"Seattle has a Utility Discount Program that provides seniors and others who have a limited income with a 60 percent discount on their City Light bills. This is a tremendous benefit for those who qualify, and definitely something anyone on a low or moderate income should look into. The program is working to make more people aware of this incredible benefit that is unique to Seattle.


Rye introduced Mayor Ed Murray at a Community Coffee Hour in June 2014.

"Seattle is a great city for aging in place if you have an adequate income to meet your needs and you're not struggling to keep a roof over your head, pay medical and dental bills, and put food on the table. I'm hopeful that Seattle will find a way to solve serious issues—lack of affordable housing, widening income disparity, and a growing number of people who cannot get their basic needs met.

"That will take individual citizens letting their legislators—at every level of government—know that people are the priority. It is a huge contradiction that we have the largest senior population today we've ever had and, not only is funding not keeping pace, in some instances funding has been reduced or cut, hurting the most vulnerable."

And what would you do if you had a magic wand?

"I'd begin by making certain that everyone had a safe and comfortable place to live and their basic needs met. There is no magic wand, so older adults, families and friends must make their voices heard and work hard to make that happen."

The Seattle Mayor's Office for Senior Citizens is located in the Central Building (810 3rd Avenue, between Columbia and Marion Streets in downtown Seattle). Help is available Monday through Friday, 8 a.m. to 5 p.m. To contact the office, call 206-684-0500 (TTY/TDD 206-233-2778) or e-mail

For more information, visit their website at To visit Mayor's Office for Senior Citizens Facebook page, click here.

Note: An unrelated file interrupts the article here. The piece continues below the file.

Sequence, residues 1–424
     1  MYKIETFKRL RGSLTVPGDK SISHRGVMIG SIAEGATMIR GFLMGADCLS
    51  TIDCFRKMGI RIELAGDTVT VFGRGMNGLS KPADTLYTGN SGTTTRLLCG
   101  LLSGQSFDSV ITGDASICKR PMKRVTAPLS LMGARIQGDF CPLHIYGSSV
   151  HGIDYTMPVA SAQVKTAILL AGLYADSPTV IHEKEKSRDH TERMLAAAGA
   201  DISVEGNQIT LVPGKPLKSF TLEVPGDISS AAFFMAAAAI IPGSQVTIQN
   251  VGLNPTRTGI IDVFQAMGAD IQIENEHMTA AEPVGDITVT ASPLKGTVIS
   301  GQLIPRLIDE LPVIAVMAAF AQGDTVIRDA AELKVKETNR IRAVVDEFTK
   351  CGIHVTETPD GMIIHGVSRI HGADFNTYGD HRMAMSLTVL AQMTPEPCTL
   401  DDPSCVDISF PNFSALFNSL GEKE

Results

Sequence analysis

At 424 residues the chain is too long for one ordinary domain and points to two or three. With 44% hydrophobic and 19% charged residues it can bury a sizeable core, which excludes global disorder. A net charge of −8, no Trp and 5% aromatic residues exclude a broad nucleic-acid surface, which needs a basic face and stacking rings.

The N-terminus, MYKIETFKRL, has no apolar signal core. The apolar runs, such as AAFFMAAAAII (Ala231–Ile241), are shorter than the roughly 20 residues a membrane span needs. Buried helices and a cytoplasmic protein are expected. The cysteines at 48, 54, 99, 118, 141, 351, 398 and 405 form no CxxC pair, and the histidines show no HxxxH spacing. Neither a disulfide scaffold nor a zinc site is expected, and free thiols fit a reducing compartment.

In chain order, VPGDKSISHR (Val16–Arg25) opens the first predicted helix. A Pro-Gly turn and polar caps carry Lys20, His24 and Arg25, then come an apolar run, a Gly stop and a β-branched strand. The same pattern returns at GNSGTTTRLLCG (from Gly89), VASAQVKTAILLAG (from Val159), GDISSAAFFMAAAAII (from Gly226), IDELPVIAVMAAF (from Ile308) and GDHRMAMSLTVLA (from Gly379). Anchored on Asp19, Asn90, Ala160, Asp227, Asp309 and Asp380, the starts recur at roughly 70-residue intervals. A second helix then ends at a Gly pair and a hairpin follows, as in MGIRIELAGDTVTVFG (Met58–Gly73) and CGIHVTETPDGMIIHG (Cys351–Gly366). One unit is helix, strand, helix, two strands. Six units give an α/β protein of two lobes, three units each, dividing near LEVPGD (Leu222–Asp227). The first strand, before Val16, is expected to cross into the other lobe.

Contributor Irene Stewart is a planner at Aging and Disability Services—ADS, the Area Agency on Aging for Seattle-King County and a division of the Seattle Human Services Department. Among many responsibilities, she edits AgeWise King County on behalf of the ADS Advisory Council. Irene directed the Seattle Mayor's Office for Senior Citizens from March 2004 to January 2011, and enjoys working with Rowena to promote the resources offered there.

Mayor's Office for Senior Citizens

Links to Programs and Services

Senior Information & Assistance
Free, professional and confidential information and referrals

Age 55+ Employment Resource Center
Job list and other employment services for residents age 55+

FLASH Card for Adults with Disabilities
Discounts for residents age 18–59 with a qualifying disability

Gold Card for Healthy Aging
Discounts for residents age 60+

Senior Coffee Hours
3rd Thursdays

Seniors Training Seniors
Computer classes designed for older adults are offered in Wallingford, Greenwood, Lake City, southeast Seattle, and downtown.


Utility Discount Program (City of Seattle)
For qualified Seattle City Light and Seattle Public Utilities customers

By appointment:

Senior Rights Assistance
Legal and consumer assistance

SHIBA (Statewide Health Insurance Benefits Advisors)
Free, unbiased and confidential assistance with Medicare and health care choices

Washington Apple Health
Washington's Medicaid program

Washington Benefits Exchange
Online health plan finder for Washington state residents and small business owners